The Number One Competitor of Your Product

There’s a universal competitor that every product is competing with. Every service competes against this competitor too.

  • Your big enterprise software has this competitor;
  • Your small subscription software has this competitor;
  • Your personal care product has this competitor;
  • Your book has this competitor;
  • Your productivity product has this competitor;
  • Your drill, your phone accessory, your utensil, your commoditized low-price product has this competitor;
  • Your custom design service has this competitor, and your productized service offering has this competitor.
  • You develop web sites? You make a living doing something that has no competition? Your product ticks every box in the Blue Ocean Strategy? You’re in a “market of one”? You’ve got this competitor too.

This competitor is universal, every product has it, every service offering has it.

Nobody talks about it.

The Fourth Force of Progress is the Strongest

Let’s say you sell plants, the kind of plants that people buy to make a nice garden or to assemble a nice flowerbed.

According to the Jobs-To-Be-Done lens, people don’t just buy your plants, they hire your plants for a few specific jobs. The job of making a flowerbed. The job of giving a house-warming gift.

In the mind of the purchaser, there are four forces at play, pushing or pulling, tugging toward making a purchase or putting a break on the purchase.

Forces Diagram

  1. The Struggle of the moment propels the person to start getting organized to get a job done. ⚬→ “It’s almost the end of the summer, and this year I’d like to try picking out bulbs to plant so they come out in the spring and stay every year, and I’ll up my flowerbed game”. So the person starts the process and falls on a product or two that have attractive aspects to them. The second force picks up…
  2. The Attraction of the solution force is caused by the properties of a particular product (solution) that catches the initial momentum, and seduces the buyer into finishing up and making the purchase. →⚬ “These plants would look great in the spring.” The problem is that there’s a doubt that creeps in. The third force comes in and puts the break on the momentum.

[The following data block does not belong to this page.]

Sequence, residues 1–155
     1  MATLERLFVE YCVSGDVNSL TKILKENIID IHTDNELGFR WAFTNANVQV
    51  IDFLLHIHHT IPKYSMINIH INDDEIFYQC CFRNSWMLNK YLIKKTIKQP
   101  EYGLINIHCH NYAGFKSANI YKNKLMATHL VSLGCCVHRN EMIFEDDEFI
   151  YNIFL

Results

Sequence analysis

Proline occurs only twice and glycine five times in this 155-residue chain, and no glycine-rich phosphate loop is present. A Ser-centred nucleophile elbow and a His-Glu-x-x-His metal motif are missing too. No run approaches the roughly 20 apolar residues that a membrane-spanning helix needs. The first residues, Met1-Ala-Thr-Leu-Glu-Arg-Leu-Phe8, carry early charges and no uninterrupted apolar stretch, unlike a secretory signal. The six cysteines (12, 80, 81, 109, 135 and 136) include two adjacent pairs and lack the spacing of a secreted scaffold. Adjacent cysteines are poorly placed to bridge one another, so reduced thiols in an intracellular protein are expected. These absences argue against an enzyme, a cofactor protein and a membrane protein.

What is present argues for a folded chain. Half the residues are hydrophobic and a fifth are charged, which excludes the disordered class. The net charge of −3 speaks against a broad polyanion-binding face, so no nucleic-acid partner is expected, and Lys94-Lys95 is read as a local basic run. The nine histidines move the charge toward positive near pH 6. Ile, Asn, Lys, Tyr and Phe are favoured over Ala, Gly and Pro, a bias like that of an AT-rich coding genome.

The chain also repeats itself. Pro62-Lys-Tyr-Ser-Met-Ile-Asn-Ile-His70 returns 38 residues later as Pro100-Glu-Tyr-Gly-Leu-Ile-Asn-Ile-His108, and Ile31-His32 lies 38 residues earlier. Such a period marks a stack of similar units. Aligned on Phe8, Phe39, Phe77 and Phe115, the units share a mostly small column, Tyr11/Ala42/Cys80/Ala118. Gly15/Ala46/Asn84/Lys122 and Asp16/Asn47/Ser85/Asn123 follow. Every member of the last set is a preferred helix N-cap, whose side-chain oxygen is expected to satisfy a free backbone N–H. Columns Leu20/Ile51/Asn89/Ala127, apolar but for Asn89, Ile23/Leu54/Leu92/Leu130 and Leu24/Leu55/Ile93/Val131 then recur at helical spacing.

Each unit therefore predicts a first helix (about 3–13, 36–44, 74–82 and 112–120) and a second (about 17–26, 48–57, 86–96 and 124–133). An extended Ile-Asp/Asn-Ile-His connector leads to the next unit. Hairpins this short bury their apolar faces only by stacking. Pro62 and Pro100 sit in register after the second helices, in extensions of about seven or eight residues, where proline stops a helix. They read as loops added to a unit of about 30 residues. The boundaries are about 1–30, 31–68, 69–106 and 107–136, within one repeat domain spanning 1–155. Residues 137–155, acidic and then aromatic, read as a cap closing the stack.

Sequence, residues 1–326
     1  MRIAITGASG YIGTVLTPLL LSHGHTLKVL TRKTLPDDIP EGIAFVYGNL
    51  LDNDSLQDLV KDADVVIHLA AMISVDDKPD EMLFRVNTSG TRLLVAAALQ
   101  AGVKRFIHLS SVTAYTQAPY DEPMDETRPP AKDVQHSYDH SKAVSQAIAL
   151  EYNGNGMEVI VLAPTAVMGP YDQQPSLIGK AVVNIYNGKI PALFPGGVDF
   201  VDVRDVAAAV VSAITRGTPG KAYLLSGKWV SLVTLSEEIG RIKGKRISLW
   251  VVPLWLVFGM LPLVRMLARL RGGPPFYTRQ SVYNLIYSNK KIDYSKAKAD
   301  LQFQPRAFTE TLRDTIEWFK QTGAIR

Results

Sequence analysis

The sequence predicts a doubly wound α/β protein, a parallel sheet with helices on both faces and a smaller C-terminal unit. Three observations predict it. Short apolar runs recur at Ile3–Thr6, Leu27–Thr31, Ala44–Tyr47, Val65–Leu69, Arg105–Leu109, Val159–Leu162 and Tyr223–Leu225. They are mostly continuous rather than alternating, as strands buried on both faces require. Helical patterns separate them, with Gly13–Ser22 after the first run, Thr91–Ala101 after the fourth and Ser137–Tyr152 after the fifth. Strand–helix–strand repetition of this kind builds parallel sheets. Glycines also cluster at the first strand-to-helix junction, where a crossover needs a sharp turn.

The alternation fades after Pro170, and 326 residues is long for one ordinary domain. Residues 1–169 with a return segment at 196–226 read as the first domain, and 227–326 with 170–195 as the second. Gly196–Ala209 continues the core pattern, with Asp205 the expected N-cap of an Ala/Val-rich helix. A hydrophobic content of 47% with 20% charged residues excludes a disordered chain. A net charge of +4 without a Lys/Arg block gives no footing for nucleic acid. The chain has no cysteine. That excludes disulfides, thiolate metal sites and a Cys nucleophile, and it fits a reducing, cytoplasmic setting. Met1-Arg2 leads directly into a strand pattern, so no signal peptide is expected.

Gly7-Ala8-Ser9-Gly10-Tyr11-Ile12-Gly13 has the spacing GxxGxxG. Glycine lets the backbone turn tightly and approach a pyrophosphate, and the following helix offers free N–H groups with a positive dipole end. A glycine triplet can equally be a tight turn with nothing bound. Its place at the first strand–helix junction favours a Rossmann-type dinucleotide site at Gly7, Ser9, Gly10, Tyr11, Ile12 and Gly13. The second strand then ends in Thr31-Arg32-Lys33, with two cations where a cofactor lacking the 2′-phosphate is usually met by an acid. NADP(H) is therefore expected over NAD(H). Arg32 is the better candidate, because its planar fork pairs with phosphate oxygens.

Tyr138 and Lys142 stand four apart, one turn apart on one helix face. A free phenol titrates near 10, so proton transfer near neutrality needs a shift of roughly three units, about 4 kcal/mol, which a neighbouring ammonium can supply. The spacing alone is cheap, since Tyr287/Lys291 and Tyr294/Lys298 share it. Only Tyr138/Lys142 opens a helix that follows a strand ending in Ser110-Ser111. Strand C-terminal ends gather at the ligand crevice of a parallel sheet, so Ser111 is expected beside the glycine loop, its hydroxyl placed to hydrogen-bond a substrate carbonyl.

3. The Anxieties of the solution force is caused by the properties of the product that seem off, not quite appropriate, causing pause. ←⚬ “It says here that I need full sun for these. How high will these grow? Any specific kind of soil for these ones?”. These could include the price of the item, but in this example, the price didn’t create the anxiety. It was all these other aspects. So much momentum was lost that the fall comes and goes and the final force kicked in.
  4. The Habits of the present force is the one that pulls the buyer way back into familiar territory. “It’s too complicated. I can’t figure this stuff out. I can’t spend a ton of time. I don’t want to hire a florist.” Those were the thoughts that came up after the anxieties surfaced. And then the habits come up in their mind: ⚬← “I won’t go with perennial flowers for next year. I’ll just continue with annuals.”

“I’ll just”. The usual habits of the person are the super-massive black hole of the sale, the gravity well you need to fight against in order to get lift-off and change orbit.

  • ⚬← “I’ll just continue doing stuff by hand”
  • ⚬← “I’ll just borrow a drill from my neighbour”
  • ⚬← “I’ll just figure it out by myself”

“I’ll just” is your product’s biggest competitor. It’s the force with the strongest pull out of the four forces.

It’s also commonly called by this other term:

Non-consumption

What happens when a buyer decides not to go with a sale? They decide not to consume.

More than any of the other similarly-packaged competing products in your category, the non-consumption decision accounts for the vast amount of purchase decisions.

What’s more, many people don’t really want to analyze competing offerings. It causes stress to compare too many competing alternatives. Your product might be fine, but if it’s amongst other similar alternatives on the same shelf, the other competitors will cause the buyer to say “too bad, I’m not buying any of them.”

Non-consumption is what you’re competing against.

Two plans:

Plan A for beating non-consumption:

  1. Find a job that no product or service serves well, where there’s a lot of non-consumption;
  2. Create the product or service that will serve it just well enough for people to blast through the top two forces, produces few anxieties and is way better than what people would “just do” instead of buying;
  3. You have a product that will sell.

Plan B for beating non-consumption:

  1. Take your existing product;
  2. Figure out what job people hire your product to do (reach out if you need help with this);
  3. Remove every feature that’s not serving the job;
  4. Remove every anxiety-inducing properties (that probably includes features that are not serving the job, a low price is an anxiety as well sometimes);
  5. Make sure your product is better than whatever the buyer would “just do” instead of buying;
  6. You have a product that will sell.

Hope you beat that universal competitor.

Stay sharp.



@pascallaliberte

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